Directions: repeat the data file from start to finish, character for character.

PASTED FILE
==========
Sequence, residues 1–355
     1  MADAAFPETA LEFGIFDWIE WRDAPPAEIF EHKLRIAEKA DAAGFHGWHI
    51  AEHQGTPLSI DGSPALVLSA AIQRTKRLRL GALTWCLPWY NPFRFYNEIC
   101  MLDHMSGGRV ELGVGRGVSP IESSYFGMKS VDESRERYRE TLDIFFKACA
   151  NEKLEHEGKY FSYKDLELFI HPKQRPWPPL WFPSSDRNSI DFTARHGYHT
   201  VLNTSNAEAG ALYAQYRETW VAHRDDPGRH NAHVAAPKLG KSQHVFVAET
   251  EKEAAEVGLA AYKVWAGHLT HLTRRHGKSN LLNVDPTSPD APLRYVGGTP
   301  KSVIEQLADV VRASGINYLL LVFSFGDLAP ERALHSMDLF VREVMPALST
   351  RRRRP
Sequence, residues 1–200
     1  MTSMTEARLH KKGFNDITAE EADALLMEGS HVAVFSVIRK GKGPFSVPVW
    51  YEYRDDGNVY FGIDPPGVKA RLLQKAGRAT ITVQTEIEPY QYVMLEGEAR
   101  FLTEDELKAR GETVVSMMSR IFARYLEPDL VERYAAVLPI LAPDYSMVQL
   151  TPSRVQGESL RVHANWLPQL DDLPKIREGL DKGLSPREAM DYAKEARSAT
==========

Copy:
Sequence, residues 1–355
     1  MADAAFPETA LEFGIFDWIE WRDAPPAEIF EHKLRIAEKA DAAGFHGWHI
    51  AEHQGTPLSI DGSPALVLSA AIQRTKRLRL GALTWCLPWY NPFRFYNEIC
   101  MLDHMSGGRV ELGVGRGVSP IESSYFGMKS VDESRERYRE TLDIFFKACA
   151  NEKLEHEGKY FSYKDLELFI HPKQRPWPPL WFPSSDRNSI DFTARHGYHT
   201  VLNTSNAEAG ALYAQYRETW VAHRDDPGRH NAHVAAPKLG KSQHVFVAET
   251  EKEAAEVGLA AYKVWAGHLT HLTRRHGKSN LLNVDPTSPD APLRYVGGTP
   301  KSVIEQLADV VRASGINYLL LVFSFGDLAP ERALHSMDLF VREVMPALST
   351  RRRRP
Sequence, residues 1–200
     1  MTSMTEARLH KKGFNDITAE EADALLMEGS HVAVFSVIRK GKGPFSVPVW
    51  YEYRDDGNVY FGIDPPGVKA RLLQKAGRAT ITVQTEIEPY QYVMLEGEAR
   101  FLTEDELKAR GETVVSMMSR IFARYLEPDL VERYAAVLPI LAPDYSMVQL
   151  TPSRVQGESL RVHANWLPQL DDLPKIREGL DKGLSPREAM DYAKEARSAT